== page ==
25,000 ops can­celled... be­cause no beds are free

That’s 100 ev­ery day, 35% more than f ive years ago

The Mail on Sunday - - News - By Stephen Adams HEALTH COR­RE­SPON­DENT

TWENTY-FIVE thou­sand op­er­a­tions are can­celled ev­ery year be­cause hos­pi­tals are so full, an in­ves­ti­ga­tion by The Mail on Sun­day has found.

A l ack of beds is f or­c­ing t he can­cel­la­tion of 100 op­er­a­tions ev­ery work­ing day across t he NHS in Eng­land – a fig­ure that has risen 35 per cent in just five years.

Dozens of trusts have seen bedrelated can­cel­la­tions dou­ble since 2012, with one soar­ing seven- fold. Even ur­gent heart and cancer ops are be­ing de­layed, some­times re­peat­edly, due to the short­age. The con­se­quences can be fa­tal.

Last night Pro­fes­sor Derek Alder­son, pres­i­dent of the Royal Col­lege of Sur­geons, said ‘ ma­jor log- jams’ on wards were bring­ing hos­pi­tals to a stand­still, warn­ing: ‘Large num­bers of pa­tients are suf­fer­ing.’

And Dr Taj Has­san, pres­i­dent of the Royal Col­lege of Emer­gency Medicine, said: ‘The beds cri­sis is spi­ralling from chronic to acute. There’s no doubt our bed oc­cu­pancy rates are too high – nowhere near where they should be to be pre­pared for win­ter.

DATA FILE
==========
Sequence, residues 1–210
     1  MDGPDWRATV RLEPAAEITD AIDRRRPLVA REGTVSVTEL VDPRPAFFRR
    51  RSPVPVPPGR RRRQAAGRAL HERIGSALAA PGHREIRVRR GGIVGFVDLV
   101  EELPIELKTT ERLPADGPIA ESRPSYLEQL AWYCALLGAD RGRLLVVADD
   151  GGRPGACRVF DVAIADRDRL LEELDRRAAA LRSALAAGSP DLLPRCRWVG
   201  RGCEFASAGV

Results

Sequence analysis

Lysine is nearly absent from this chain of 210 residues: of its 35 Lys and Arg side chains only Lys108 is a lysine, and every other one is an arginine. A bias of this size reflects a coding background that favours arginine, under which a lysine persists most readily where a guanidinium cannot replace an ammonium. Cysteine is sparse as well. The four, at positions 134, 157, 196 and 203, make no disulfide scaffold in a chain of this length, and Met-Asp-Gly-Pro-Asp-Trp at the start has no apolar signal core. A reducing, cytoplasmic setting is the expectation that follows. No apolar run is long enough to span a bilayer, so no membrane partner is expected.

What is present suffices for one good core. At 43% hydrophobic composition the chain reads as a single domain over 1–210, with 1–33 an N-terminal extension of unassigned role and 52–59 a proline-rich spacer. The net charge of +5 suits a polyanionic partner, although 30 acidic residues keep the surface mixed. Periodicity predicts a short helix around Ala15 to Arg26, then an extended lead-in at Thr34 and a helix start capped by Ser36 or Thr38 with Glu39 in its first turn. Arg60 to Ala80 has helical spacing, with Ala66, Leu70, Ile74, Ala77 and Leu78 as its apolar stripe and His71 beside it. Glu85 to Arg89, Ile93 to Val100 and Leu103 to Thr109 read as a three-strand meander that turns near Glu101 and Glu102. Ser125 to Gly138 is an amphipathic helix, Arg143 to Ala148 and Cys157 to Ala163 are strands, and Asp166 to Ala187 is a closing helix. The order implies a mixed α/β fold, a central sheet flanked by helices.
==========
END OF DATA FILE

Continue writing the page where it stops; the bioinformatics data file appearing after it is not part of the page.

‘We just don’t have enough beds in to cope with the de­mands of emer­gency or pre-planned care.’ He said 5,000 ex­tra beds were needed. But there are plans afoot to strip out thou­sands more so the money can be rein­vested in ‘com­mu­nity care’.

The Mail on Sun­day cal­cu­lated around 25,000 planned op­er­a­tions were can­celled due to bed short­ages last year, af­ter send­ing Free­dom of In­for­ma­tion re­quests to Eng­land’s 153 NHS hospi­tal trusts.

We asked them to pro­vide a break­down of last-minute can­cel­la­tions by cause: lack of beds, op­er­at­ing the­atre ca­pac­ity, staffing, and equip­ment fail­ures. We re­quested five years of an­nual data.

By Fri­day, 92 had re­sponded with full fig­ures for 2016/ 17. They re­ported 15,370 bed-re­lated last-minute can­cel­la­tions in to­tal. Scaled up to ac­count for trusts which failed to give de­tails, it can be es­ti­mated there were 25,500 bed- re­lated can­cel­la­tions in English hos­pi­tals last year.

Prof Alder­son said can­cel­la­tions were ‘ dev­as­tat­ing’ for pa­tients and ‘de­mor­al­is­ing’ for staff. ‘It’s in­cred­i­bly frus­trat­ing,’ he ex­plained. ‘ On the day a sur­geon has to cancel a ma­jor case, which might have taken hours, they can end up sit­ting twid­dling their thumbs. It’s a mas­sive waste of re­sources.’

As a whole, beds ac­count for a third of last-minute can­cel­la­tions; op­er­at­ing the­atre ca­pac­ity 28 per cent; staff short­ages or sick­ness 14 per cent, equip­ment eight per cent and the re­main­ing ‘other’.

Dr Has­san said the find­ings ‘ab­so­lutely sup­port’ the be­lief that a scarcity of beds is at the heart of the NHS’s prob­lems. Last month the King’s Fund think-tank found Bri­tain had just 2.6 hospi­tal beds per 1,000 peo­ple. France has 6.1, Ger­many 8.1.

An NHS Eng­land spokesman said: ‘The fact is that the num-

‘It’s a mas­sive waste of re­sources’

ber of can­celled op­er­a­tions re­mains low at just one per cent in the con­text of the mil­lions of op­er­a­tions per­formed in the NHS each year.’

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